It has been another challenging year for the sector, and the Top 40 senior producers in particular. The prolonged downswing in commodity prices has forced companies to fight hard to implement various measures to improve free cash flow. In 2014, a major focus was on reducing costs, and we saw cost-reduction and efficiency efforts start to pay off. The Top 40 have been saying for a few years that they will reduce capital spending, and in 2014 they delivered. The pace of mergers and acquisitions slowed dramatically especially compared to 2011, when many commodity prices were at or near record highs. The Top 40 miners lost $156 billion, or about 16% of their combined market value, in 2014. The good news is that is only half of last year’s slide.
The general outlook for the global metals and mining market remains subdued due to the combination of a slower rate of global economic growth, particularly in emerging markets, and signs of an oversupply of several commodities, most notably iron ore and coal. Lower crude oil prices and a stronger US dollar are proving beneficial for miners by helping to lower operating costs. The uneven global economic recovery and divergent monetary policies continue to create uncertainty around medium-term supply and demand across the mining industry.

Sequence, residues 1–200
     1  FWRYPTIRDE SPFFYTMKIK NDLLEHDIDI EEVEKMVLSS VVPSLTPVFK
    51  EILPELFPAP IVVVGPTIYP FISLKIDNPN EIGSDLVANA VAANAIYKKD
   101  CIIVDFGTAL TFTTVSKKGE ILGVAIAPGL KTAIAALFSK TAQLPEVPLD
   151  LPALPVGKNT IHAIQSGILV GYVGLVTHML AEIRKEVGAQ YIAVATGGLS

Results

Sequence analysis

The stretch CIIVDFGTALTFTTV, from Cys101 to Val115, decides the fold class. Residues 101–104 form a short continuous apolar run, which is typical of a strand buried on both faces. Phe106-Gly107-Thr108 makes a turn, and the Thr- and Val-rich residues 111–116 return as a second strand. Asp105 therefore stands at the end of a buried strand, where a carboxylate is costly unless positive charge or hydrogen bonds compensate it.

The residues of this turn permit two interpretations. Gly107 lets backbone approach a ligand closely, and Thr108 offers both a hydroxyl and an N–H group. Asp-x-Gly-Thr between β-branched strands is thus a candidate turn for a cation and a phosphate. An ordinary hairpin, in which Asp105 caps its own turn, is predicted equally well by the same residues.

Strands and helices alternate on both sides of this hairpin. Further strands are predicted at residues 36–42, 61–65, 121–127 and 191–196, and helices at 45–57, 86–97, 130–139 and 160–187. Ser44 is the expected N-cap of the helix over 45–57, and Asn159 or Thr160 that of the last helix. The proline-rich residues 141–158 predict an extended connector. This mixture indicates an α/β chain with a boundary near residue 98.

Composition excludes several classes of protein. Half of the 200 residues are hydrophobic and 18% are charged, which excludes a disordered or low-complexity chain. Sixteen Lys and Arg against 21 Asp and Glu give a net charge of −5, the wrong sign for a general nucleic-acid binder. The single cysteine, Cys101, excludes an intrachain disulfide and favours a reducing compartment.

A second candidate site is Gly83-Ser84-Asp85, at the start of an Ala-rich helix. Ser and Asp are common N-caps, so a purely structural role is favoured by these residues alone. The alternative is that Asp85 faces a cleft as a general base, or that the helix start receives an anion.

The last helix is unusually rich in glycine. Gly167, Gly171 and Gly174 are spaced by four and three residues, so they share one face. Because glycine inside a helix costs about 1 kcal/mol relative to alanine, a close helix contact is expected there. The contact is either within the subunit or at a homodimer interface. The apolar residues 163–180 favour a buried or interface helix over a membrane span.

How will the industry grow in the months and years ahead? Read the report to learn more.
The Top 40 miners lost $156 billion, or about 16% of their combined market value, in 2014.